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Taurids Meteor Shower

It's time for the Taurids, another annual meteor shower!
The Taurids are an annual meteor shower associated with the comet Encke. They are named after their radiant point in the constellation Taurus, where they are seen to come from in the sky. Because of their occurrence in late October and early November, they are also called Halloween fireballs.

Encke and the Taurids are believed to be remnants of a much larger comet, which has disintegrated over the past 20,000 to 30,000 years, breaking into several pieces and releasing material by normal cometary activity or perhaps occasionally by close encounters with the tidal force of Earth or other planets. In total, this stream of matter is the largest in the inner solar system. Since the meteor stream is rather spread out in space, Earth takes several weeks to pass through it, causing an extended period of meteor activity, compared with the much smaller periods of activity in other showers. The Taurids are also made up of weightier material, pebbles instead of dust grains.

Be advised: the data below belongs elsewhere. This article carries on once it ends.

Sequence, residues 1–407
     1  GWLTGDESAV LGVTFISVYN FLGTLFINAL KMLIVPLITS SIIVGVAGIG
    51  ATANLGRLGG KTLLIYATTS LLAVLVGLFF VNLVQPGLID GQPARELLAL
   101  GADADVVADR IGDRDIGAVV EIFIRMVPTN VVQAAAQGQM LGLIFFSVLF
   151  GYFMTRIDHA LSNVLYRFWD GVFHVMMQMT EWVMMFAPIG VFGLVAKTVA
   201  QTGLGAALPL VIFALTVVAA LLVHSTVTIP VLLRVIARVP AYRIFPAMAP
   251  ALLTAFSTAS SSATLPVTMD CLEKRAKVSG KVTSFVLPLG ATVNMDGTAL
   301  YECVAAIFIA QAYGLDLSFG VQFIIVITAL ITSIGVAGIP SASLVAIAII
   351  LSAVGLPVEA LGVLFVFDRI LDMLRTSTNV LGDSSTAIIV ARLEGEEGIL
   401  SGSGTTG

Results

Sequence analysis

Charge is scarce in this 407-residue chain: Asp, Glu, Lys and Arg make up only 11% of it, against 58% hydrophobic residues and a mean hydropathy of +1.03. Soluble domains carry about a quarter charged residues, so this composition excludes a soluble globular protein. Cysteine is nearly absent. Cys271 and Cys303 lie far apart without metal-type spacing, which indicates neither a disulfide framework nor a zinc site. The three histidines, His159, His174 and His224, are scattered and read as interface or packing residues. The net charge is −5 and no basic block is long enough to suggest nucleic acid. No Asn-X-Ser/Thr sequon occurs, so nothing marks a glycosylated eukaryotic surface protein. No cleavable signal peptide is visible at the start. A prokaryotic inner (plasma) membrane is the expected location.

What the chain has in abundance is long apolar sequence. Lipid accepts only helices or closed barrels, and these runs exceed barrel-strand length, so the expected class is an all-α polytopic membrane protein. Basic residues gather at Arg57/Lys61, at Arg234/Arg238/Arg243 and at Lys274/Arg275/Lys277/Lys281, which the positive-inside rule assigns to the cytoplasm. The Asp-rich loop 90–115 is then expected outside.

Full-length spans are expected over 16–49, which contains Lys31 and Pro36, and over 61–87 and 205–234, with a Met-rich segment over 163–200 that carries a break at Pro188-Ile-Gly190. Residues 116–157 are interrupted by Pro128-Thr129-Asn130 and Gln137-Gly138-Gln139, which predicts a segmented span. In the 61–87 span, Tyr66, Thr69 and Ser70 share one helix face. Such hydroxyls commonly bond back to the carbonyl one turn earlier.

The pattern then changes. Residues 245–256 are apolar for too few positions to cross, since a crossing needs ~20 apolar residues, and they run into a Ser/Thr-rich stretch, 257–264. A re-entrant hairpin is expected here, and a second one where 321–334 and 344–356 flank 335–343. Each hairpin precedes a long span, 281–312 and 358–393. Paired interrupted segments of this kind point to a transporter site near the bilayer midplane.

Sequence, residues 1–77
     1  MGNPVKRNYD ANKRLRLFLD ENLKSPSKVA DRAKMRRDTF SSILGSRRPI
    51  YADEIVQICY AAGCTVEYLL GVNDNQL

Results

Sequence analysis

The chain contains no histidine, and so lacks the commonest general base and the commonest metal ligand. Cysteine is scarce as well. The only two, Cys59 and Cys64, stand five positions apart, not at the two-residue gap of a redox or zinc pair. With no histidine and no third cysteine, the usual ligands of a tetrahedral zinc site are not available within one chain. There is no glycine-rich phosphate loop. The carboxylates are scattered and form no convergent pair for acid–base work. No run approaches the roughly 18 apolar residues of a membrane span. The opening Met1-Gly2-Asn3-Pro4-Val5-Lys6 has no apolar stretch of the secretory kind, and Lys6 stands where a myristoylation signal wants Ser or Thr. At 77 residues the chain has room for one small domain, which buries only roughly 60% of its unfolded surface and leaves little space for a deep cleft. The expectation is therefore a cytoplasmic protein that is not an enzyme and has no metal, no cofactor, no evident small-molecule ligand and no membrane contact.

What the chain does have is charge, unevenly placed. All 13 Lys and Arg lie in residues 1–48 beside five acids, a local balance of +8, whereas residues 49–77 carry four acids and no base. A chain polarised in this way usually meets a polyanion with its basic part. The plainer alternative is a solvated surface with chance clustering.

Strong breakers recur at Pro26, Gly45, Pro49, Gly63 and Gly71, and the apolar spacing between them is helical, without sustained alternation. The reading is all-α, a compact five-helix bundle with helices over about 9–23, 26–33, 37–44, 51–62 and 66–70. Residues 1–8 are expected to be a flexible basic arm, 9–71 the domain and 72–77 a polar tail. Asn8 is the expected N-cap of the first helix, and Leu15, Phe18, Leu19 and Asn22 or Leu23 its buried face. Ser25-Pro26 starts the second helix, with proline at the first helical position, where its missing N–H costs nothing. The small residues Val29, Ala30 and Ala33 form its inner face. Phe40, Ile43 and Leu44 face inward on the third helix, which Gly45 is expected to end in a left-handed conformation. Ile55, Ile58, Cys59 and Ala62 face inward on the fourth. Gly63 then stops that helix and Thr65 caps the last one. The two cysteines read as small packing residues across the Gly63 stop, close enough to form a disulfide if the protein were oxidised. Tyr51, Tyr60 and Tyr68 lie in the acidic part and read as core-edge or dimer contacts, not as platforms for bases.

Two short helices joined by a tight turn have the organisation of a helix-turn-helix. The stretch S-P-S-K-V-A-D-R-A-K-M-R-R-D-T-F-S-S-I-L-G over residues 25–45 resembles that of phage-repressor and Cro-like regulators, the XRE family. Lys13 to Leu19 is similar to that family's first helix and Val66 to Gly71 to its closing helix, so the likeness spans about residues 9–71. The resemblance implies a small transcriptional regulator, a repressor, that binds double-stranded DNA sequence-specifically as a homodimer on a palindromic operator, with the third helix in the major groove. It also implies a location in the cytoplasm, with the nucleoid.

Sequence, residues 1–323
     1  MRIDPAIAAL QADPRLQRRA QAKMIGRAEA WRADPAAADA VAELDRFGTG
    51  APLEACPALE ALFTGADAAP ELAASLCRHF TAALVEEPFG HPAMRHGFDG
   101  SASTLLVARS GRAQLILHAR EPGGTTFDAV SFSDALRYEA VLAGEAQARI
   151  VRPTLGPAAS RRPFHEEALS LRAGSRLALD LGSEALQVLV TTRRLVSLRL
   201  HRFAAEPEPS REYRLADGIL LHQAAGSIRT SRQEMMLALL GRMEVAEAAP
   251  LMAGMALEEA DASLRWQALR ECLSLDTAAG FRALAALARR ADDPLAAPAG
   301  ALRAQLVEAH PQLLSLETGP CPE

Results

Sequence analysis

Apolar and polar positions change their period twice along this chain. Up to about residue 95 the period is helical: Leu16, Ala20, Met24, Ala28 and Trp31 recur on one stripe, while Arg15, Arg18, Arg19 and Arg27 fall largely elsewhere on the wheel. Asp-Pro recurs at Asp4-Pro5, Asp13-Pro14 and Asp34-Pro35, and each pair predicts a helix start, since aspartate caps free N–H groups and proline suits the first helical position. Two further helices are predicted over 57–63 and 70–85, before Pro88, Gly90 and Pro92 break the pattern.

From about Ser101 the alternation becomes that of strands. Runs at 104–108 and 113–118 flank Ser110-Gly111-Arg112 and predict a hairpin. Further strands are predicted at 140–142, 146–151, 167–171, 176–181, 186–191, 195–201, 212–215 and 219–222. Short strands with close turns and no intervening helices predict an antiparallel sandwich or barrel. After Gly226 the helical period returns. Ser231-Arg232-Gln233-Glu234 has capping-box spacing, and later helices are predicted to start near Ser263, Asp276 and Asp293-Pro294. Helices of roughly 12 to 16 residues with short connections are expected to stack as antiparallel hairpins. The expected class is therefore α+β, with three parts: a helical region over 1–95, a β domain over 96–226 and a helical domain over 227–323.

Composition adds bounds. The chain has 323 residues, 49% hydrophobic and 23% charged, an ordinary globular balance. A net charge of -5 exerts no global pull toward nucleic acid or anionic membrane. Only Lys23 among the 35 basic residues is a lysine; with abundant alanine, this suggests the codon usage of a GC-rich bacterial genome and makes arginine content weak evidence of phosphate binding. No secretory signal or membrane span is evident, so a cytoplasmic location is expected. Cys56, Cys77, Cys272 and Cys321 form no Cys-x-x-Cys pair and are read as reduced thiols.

Typically, Taurids appear at a rate of about 5 per hour, moving slowly across the sky at about 17 miles per second (27 kilometers per second), or 65,000 miles per hour. If larger than a pebble, these meteors may become "bolides" as bright as the moon and leave behind smoke trails.
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